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Support for gay marriage is growing this week among lawmakers in Washington state and New Jersey. Both could soon vote to join the six other states, and the District of Columbia, where gay marriage is now legal. Gay marriage proposals are also moving forward elsewhere.
But as NPR's Tovia Smith reports that several states are also considering moves to ban it.
TOVIA SMITH, BYLINE: Gay advocates like to say last year was a biggie. When New York legalized same sex marriage, it doubled the number of Americans living in states where gays could marry. It's hard to imagine another doubling this year but advocates are hoping to build on that success.
MARC SOLOMON: We haven't hit a tipping point. But we've certainly hit a turning point.
SMITH: Marc Solomon, with the Freedom to Marry Coalition, says the fact that New York passed gay marriage with bipartisan support bodes well for bills coming up this year in Washington state, Maryland, and New Jersey - where even some lawmakers who opposed gay marriage just a few years ago are now in the support column.
SOLOMON: We're seeing a really dramatic shift. I think the trend – the accelerating trend is very clear.
SMITH: That trend would be tested in Washington and Maryland, since voters there would almost certainly get the last word on gay marriage through a ballot question.
New Jersey Governor Chris Christie today said he'd like to see a popular referendum in New Jersey, too. Gay marriage shouldn't be decided, he says, by 121 people in the capitol.
GOVERNOR CHRIS CHRISTIE: Let's stop treating this like a political football and let's let the people of New Jersey decide. This issue is too big and too consequential not to trust the people who will be governed, ultimately, by any change in law or maintenance of the current law.
SMITH: Opponents like to point out that gay marriage only passes when it's imposed by what they call out of touch lawmakers or activist judges. It has lost each of the 31 times it's been put directly to voters.
But Solomon insists that could soon change in Maine, where advocates will announce this week whether they'll try to become the first state in the nation to enact gay marriage through a popular referendum.
SOLOMON: We think 2012 is going to be year that we actually win a state at the ballot and take away, really, our opponent's last good talking point that they have on this matter.
SMITH: Well, maybe.
PASTOR BOB EMRICH: I mean , even if they won in Maine, the score would be, what, 31-to-1.
(SOUNDBITE OF LAUGHTER)
SMITH: Pastor Bob Emrich, who led the fight against the Maine ballot question in 2009, says opponents would be even better prepared to defeat it again this year by refuting arguments that opposition is based on bigotry and, Emrich says, by making their case that gay marriage impinges on religious liberties.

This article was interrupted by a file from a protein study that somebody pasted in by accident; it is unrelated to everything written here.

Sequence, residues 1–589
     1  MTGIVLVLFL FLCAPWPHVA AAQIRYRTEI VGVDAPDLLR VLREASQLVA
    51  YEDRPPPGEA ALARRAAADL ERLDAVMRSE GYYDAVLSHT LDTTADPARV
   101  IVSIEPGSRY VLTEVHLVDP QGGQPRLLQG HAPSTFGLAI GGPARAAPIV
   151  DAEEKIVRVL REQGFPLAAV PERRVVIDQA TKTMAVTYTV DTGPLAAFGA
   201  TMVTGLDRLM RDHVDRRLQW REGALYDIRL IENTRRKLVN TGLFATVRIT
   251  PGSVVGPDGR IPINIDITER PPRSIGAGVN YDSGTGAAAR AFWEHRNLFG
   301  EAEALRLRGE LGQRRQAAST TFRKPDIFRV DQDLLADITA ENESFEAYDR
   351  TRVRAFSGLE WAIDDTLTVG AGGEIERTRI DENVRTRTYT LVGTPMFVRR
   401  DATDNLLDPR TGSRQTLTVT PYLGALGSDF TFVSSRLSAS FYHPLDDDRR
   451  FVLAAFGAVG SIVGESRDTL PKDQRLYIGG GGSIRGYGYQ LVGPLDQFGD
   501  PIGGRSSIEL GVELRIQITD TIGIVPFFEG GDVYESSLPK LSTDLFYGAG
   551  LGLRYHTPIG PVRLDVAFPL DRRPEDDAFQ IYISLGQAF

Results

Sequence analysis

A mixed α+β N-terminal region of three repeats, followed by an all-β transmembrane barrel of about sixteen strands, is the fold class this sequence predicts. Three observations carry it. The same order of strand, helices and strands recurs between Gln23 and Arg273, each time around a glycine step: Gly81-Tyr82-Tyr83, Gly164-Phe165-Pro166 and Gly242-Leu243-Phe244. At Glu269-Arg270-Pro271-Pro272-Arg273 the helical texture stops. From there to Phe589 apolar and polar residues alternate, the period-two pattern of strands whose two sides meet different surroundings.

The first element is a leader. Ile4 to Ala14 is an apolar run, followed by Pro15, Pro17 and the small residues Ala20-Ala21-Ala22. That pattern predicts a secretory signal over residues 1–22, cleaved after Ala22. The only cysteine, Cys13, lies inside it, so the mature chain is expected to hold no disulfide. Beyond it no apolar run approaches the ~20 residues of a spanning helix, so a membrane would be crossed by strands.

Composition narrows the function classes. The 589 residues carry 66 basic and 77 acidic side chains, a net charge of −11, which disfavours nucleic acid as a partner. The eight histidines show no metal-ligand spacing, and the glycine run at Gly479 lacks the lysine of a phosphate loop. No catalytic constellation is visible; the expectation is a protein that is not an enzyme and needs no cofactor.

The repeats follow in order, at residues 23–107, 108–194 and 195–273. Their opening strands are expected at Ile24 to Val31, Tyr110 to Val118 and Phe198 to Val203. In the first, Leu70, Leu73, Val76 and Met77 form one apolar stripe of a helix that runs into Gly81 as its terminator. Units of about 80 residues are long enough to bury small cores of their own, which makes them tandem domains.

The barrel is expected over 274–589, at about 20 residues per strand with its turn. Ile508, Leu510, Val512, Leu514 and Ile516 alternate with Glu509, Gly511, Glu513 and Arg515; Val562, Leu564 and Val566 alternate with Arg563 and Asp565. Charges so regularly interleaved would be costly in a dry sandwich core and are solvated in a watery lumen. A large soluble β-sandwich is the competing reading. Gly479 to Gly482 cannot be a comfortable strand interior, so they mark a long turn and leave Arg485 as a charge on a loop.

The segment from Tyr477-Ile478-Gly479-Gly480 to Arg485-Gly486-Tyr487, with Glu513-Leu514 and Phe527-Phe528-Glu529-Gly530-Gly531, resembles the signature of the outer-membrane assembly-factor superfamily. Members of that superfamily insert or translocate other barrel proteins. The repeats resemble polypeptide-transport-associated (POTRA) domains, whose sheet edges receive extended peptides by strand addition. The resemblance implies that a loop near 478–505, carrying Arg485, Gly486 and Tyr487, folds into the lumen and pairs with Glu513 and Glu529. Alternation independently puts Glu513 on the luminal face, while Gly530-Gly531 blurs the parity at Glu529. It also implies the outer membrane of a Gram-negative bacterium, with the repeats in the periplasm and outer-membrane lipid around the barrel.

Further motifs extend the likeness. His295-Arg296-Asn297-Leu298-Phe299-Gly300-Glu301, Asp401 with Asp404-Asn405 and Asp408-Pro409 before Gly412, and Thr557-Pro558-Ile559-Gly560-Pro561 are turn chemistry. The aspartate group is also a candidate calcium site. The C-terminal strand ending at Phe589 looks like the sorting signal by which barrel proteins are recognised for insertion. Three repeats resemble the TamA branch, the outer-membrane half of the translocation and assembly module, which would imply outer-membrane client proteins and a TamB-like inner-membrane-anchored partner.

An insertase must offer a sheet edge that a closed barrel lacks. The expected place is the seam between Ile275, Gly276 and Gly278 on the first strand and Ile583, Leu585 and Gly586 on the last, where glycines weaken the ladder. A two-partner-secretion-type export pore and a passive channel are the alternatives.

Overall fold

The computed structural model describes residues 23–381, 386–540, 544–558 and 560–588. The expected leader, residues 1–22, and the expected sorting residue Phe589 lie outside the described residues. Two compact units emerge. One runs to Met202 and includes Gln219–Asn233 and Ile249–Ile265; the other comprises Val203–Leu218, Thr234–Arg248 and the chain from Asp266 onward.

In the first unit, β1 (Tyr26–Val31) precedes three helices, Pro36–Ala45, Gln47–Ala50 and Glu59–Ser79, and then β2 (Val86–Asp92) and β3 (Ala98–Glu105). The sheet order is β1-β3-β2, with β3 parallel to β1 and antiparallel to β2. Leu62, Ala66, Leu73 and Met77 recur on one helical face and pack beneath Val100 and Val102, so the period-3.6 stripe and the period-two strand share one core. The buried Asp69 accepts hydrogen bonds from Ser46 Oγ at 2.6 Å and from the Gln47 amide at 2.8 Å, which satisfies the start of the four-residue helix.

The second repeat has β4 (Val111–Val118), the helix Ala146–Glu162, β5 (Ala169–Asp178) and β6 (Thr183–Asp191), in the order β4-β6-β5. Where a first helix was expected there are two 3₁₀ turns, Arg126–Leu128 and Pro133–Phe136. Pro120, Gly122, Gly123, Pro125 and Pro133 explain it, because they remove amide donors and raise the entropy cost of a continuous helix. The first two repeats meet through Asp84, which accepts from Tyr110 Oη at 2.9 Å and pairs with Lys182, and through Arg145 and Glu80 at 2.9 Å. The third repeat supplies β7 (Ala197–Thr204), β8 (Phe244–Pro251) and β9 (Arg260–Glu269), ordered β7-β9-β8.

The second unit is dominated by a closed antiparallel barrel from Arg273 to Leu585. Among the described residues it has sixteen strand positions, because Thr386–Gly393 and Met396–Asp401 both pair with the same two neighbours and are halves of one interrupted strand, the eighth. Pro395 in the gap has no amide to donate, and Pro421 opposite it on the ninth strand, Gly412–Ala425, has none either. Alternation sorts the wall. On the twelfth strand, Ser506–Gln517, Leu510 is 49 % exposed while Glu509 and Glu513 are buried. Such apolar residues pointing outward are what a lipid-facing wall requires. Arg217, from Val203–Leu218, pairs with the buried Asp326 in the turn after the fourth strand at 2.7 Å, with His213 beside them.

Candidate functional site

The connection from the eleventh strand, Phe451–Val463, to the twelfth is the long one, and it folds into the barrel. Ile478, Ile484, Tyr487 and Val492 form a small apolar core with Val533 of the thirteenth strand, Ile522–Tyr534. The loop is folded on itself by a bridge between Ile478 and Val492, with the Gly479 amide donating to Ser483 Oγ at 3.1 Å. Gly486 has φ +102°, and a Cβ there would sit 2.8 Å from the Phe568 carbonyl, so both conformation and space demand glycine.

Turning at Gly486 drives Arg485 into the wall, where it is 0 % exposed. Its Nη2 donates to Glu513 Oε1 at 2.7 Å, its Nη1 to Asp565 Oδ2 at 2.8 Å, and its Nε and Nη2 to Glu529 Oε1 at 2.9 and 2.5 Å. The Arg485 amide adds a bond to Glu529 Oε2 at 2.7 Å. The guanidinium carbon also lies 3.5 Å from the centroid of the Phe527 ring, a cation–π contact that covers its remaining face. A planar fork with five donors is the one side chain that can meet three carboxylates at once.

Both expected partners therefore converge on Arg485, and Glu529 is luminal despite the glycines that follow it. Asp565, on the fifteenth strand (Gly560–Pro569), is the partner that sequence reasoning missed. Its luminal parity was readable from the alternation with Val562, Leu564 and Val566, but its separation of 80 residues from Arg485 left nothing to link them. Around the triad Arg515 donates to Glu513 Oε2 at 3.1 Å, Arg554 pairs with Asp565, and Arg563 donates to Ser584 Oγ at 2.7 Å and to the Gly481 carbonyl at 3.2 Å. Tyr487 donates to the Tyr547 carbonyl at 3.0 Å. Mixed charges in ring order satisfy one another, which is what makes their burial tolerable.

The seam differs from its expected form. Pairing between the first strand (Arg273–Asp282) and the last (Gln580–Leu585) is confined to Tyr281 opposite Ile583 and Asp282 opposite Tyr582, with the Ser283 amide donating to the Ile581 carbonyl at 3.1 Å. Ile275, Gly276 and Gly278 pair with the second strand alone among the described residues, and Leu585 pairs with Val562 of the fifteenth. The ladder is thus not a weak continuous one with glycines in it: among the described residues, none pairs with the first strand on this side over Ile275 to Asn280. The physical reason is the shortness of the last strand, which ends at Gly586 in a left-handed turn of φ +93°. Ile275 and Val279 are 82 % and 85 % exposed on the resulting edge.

EMRICH: They try to make everybody feel like, oh, you don't have to do anything that's contrary to your religious beliefs. But it's not true. I mean, there are cases all over country where that sort of thing is already taking place.
SMITH: Supporters call that a red herring, saying it's anti-discrimination and public accommodation laws, not gay marriage that govern whether gay couples, for example, can adopt or rent a social hall.
But expect that to be part of the fight in three other states where gay marriage is also on the agenda. Voters in Minnesota and North Carolina will consider a constitutional ban on gay marriage. And in New Hampshire, where same-sex marriage has been legal for two years, lawmakers are now considering a repeal.
As Sarah Warbelow, of the Human Rights Campaign puts it: That would set a nasty precedent. But she says gay marriage could lose a battle and still win the war.
SARAH WARBELOW: I don't think it's make it or break it. Winning one of these certainly would be nice, but losing isn't going to stop the change in American opinion.
SMITH: A game changer could come from the U.S. Supreme Court, which may soon rule on California's Proposition 8, banning gay marriage, and on a challenge to the federal Defense of Marriage Act.
Brian Brown, of the National Organization for Marriage, says what states do now could influence the Court.
BRIAN BROWN: Given that we have a Roe versus Wade-type decision, these state fights become even more important because some of the justices don't like to have the law be too far ahead of where the public is.
SMITH: Even a Supreme Court decision however is unlikely to end the debate. If the justices find same-sex marriage bans unconstitutional, opponents say they'll just redouble their efforts to amend the U.S. Constitution.
Tovia Smith, NPR News.
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